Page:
You’d think that by now I’d have the solution to stress management and mental health, and I desperately wish that I did. Balance and management is a constant learning process.
For me, stressing is second nature. I was born a 30-year old worrier, and not much has changed since except I’m now a 51-year old worrier. I never concerned myself much about mental health and time management until I lived by myself. For most of my life, I would overexert and over-work myself until my inevitable crash, after which I would pick myself back up and start all over again. Personally, I needed a breaking point to see how unhealthy this was, which came abruptly in my second year at university.
Struggling to deal with three unfortunate family circumstances, a deeply unhealthy personal relationship, a full-time course load and two part-time jobs took its toll on my physical and mental health, not to mention my grades and jobs. I would spend all day looking after every other person in my life, so by the end of it I would have no time for me- I stopped reading, stopped attending classes, rarely worked, barely ate. I felt drained and empty and had no one to turn to, partly out of pride, partly out of shame and embarrassment, and partly out of my insurmountable optimism that I could fix everything.
In spite of this, this time was one of the most influential and important experiences of my life. No one should have to go through these times alone, and so here are some techniques I have developed for managing the stress in my life:
- Always have a book by your bed
Reading has always been one of my biggest pleasures in life, and my books are some of my most prized possessions. Having a book just for you, that isn’t for a course, that isn’t for anyone but you can help put life in perspective and provide a small escape.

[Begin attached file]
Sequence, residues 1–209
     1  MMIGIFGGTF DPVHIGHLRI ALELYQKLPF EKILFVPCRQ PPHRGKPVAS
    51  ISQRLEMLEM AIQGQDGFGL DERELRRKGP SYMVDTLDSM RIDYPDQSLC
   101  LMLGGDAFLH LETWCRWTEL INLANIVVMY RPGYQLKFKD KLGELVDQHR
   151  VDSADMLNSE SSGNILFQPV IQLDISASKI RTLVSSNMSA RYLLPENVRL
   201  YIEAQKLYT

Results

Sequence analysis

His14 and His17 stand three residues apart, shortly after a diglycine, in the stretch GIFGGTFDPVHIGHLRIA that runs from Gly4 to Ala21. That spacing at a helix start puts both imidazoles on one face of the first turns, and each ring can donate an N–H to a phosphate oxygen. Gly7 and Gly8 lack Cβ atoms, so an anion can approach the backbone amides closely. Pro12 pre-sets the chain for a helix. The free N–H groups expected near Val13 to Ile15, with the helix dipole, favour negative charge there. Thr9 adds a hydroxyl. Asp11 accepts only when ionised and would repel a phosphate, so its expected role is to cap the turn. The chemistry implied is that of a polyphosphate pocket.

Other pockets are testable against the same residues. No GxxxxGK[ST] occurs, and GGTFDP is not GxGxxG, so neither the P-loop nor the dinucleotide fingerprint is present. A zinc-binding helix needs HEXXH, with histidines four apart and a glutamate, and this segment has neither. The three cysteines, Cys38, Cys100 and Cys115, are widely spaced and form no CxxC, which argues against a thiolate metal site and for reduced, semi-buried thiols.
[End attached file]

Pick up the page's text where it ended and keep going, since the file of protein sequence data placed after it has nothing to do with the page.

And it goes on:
- Find a healthy physical way to work-out stress and frustration
Whether it’s doing yoga, going for a run, boxing, cycling or swimming doing any form of physical activity can re-invigorate you and burn away stress. Personally, I’ve always found swimming an amazing way to push away anything on my mind, but lately I’ve found running can be equally rewarding.
- Take up a hobby!
Sewing, knitting, painting, playing the flute and DIY projects are all things I plan time for- give yourself a break and some much needed “me-time” (maybe with good movie in the background!)
- Talk to someone
Significant other, friends, family it doesn’t matter. Stop feeling ashamed of how you feel and embrace it. Glendon Counselling Services is a great resource, and definitely helped my find methods to deal with my emotions. If you’re in residence talk to your Dons- they have amazing resources and are there to help you!